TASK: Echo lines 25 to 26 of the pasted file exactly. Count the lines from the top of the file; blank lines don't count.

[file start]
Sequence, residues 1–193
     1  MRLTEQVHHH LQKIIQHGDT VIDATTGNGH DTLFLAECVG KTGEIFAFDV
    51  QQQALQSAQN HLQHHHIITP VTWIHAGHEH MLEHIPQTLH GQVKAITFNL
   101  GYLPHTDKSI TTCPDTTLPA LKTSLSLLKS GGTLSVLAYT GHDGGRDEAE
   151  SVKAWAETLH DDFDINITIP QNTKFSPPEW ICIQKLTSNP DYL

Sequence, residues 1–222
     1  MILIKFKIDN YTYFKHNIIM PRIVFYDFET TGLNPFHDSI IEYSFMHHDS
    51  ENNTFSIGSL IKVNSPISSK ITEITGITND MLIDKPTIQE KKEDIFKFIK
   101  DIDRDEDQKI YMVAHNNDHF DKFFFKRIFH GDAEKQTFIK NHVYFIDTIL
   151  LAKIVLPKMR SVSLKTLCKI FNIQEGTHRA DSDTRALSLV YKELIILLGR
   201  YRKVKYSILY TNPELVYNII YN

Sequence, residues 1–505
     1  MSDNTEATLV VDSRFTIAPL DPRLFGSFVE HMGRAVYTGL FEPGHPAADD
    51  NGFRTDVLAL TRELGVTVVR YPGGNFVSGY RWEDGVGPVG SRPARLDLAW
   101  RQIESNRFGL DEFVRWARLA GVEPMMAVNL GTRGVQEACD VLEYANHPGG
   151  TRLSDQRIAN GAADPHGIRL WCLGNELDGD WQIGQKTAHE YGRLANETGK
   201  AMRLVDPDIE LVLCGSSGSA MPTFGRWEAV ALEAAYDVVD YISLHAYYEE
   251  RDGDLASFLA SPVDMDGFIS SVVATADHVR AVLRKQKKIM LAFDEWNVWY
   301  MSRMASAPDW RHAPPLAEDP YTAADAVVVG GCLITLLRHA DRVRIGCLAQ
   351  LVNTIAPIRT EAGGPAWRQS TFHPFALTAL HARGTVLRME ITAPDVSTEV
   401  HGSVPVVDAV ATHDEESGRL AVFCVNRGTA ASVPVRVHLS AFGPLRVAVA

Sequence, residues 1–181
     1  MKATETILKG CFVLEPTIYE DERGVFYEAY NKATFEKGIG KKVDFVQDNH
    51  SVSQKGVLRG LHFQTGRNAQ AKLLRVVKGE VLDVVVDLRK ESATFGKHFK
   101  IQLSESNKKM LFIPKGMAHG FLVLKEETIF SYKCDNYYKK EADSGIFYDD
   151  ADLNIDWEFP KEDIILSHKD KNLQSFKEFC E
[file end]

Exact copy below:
   101  IQLSESNKKM LFIPKGMAHG FLVLKEETIF SYKCDNYYKK EADSGIFYDD
   151  ADLNIDWEFP KEDIILSHKD KNLQSFKEFC E